If the prospectus for the covered bond does not disclose whether an investment in the covered bond is limited under the Volcker Rule, how can you determine whether the Volcker Rule applies? This can be quite a complex analysis. Fortunately, Morrison & Foerster has written a helpful article on analyzing whether a covered bond is subject to the Volcker Rule. See A user's guide to Volcker Rule complexities.

Why is CB legislation tied to GSE reform?

Why is the adoption of covered bond legislation linked to housing finance reform? Housing finance reform is all about the role of the GSEs. While covered bonds certainly can be used to finance residential mortgage loans, they do not require any form of government support. The consideration of the proper role of the government in housing finance can occur independent of covered bonds. However, I hear from many sources that covered bond legislation would only be considered after GSE reform had been adopted or perhaps considered with GSE reform.

There is no apparent logic to this position. Covered bonds are a private sector financing technique that has proved very effective in other jurisdictions. There is nothing in GSE reform that would be a necessary predicate to the issuance of covered bonds by U.S. banks. Covered bond legislation would not touch the status of the GSEs. It is possible that covered bond issuance by U.S. banks could develop into an attractive alternative to financing through the GSE and thus reduce the tension in GSE reform, but that would be beneficial to GSE reform.

It seems as though both sides are determined to keep as much pressure on GSE reform as possible in order to achieve their objectives and not permit any private sector initiatives to sidetrack the discussion until the role of the government in housing finance has been solved. But this seems to put the cart before the horse. Shouldn’t the government intervene only where the private sector is not functioning properly? Wouldn’t it make sense to let private sector initiatives develop first before assigning the government a role? If we can agree that the answer to those two questions is yes, why not adopt covered bond legislation and see how the market develops while we debate how to wind down the GSEs and what would be the appropriate future structure for the government’s role in housing finance?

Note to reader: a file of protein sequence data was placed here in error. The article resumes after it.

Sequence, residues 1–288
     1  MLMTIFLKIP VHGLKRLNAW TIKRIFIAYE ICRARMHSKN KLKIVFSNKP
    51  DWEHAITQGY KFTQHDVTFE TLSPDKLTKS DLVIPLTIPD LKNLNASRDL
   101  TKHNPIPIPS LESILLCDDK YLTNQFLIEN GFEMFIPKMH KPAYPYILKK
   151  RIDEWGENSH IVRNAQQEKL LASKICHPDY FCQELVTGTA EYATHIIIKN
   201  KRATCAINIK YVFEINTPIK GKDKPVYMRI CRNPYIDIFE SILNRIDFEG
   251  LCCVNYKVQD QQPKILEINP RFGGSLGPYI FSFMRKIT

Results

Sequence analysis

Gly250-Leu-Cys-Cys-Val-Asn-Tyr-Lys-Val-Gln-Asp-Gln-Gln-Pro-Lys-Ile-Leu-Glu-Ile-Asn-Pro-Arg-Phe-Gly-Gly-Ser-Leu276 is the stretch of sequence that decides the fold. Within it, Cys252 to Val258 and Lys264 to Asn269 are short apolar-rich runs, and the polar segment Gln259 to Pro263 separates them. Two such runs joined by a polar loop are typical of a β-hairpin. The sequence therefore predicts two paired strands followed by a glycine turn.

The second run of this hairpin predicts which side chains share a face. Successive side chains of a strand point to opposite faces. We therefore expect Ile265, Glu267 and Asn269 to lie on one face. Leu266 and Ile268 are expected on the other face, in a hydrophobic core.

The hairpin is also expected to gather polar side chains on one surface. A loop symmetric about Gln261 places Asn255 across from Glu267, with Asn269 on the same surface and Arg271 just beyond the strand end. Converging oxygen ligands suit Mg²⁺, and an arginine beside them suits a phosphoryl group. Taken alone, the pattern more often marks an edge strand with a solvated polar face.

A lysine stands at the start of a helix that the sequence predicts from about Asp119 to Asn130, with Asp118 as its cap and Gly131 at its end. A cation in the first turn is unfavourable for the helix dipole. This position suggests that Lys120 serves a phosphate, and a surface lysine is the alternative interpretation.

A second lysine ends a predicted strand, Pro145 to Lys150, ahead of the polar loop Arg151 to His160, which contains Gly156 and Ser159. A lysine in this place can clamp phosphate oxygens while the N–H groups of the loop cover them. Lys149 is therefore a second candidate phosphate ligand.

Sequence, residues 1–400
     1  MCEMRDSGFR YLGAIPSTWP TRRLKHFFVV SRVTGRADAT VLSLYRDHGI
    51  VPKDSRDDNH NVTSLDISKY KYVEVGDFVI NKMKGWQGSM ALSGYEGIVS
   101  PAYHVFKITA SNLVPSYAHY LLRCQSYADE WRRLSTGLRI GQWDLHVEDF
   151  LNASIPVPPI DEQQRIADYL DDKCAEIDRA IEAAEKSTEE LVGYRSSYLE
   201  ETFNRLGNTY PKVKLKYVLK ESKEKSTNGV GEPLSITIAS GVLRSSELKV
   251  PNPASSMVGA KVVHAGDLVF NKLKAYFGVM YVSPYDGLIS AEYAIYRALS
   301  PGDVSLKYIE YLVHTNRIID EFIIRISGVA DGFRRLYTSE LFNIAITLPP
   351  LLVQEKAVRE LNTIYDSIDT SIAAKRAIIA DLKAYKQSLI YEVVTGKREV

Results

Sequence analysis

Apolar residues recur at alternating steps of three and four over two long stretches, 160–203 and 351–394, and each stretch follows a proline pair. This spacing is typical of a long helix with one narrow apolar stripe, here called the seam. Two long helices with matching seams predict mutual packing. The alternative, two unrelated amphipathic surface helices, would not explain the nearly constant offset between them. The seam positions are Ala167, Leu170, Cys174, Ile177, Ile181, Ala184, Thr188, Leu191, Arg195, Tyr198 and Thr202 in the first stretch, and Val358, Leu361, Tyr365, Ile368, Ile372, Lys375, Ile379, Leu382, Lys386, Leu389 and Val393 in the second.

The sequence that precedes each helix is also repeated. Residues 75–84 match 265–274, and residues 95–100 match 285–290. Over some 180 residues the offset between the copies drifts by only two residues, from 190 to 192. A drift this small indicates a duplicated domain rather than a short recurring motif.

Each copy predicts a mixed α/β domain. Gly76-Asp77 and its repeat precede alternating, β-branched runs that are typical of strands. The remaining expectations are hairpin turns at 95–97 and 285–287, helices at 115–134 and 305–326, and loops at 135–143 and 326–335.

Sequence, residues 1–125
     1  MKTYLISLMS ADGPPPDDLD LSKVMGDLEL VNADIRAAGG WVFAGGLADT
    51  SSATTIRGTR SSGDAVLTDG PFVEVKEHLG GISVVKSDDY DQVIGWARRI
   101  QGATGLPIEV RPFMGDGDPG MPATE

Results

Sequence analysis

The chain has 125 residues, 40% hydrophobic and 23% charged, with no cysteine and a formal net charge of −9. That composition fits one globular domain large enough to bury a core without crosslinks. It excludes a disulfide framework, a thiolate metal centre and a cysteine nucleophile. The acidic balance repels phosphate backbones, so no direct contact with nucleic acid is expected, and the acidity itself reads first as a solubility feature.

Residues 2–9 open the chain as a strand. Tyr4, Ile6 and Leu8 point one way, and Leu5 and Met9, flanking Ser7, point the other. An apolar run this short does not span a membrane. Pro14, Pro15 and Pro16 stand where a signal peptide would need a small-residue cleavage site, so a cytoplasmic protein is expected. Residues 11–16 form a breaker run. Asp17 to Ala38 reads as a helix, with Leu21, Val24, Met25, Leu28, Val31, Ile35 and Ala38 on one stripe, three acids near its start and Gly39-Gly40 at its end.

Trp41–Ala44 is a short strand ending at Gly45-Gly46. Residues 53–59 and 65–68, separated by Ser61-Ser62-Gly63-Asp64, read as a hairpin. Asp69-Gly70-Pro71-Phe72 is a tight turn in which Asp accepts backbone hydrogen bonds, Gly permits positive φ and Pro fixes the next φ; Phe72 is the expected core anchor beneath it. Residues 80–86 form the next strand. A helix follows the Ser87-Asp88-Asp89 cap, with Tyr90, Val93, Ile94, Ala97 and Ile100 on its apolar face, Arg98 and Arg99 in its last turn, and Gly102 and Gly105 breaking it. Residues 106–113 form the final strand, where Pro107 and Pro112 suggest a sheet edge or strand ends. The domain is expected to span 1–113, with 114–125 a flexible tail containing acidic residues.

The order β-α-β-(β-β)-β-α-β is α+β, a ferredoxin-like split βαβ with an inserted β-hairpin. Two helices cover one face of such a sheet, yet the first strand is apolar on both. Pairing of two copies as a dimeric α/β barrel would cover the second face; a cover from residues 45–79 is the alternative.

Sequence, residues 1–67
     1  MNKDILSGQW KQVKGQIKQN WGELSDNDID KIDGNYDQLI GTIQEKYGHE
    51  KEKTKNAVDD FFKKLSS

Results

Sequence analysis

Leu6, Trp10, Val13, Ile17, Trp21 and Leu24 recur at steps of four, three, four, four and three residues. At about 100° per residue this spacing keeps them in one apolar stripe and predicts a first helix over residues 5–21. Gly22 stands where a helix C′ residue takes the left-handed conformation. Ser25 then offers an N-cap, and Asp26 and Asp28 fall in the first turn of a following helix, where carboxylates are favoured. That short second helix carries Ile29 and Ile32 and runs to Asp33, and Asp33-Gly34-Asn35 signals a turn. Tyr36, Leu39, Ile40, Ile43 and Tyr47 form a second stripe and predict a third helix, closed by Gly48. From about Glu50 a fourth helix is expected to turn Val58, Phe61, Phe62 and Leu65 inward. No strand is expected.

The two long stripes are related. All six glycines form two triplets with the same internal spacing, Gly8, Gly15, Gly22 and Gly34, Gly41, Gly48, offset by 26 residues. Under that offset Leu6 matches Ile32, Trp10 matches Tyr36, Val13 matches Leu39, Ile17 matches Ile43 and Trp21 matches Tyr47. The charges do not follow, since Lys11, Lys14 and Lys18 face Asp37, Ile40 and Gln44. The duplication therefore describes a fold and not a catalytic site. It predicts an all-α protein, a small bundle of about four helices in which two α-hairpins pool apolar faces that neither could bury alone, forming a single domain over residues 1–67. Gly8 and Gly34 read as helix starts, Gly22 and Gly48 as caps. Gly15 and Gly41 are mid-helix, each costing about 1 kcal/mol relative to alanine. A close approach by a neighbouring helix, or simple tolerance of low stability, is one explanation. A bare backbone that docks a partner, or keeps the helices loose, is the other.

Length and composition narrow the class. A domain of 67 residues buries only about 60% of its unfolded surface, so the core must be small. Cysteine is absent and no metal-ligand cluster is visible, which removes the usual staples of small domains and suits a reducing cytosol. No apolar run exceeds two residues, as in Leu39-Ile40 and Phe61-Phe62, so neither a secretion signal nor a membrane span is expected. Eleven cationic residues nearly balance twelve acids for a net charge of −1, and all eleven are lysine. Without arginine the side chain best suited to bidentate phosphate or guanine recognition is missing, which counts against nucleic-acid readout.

Certainly we can have a fulsome debate on how the government can support housing access for those who need assistance independent of how covered bond legislation is drafted. Certainly if covered bonds, RMBS and the federal home loan banks fail to provide adequate private sector funding for residential mortgage loans there may be a need to consider a larger government role.

It is not essential that covered bonds be enabled through legislation as it is possible to achieve covered bond issuance through securitization techniques, as has been done in other countries. See, e.g., Time for a US alternative. However, investors will have more confidence in a covered bond sector established through legislation and the market may be expected to develop quicker with legislation. Enacting legislation for covered bonds would be a low cost experiment that would have no harmful side effects. Covered bond legislation, therefor, should be enacted before GSE reform is attempted so that we have a better chance to assess what works in the private sector before designing the government’s role in housing finance.

Why do investors like covered bonds?

Why do investors like covered bonds?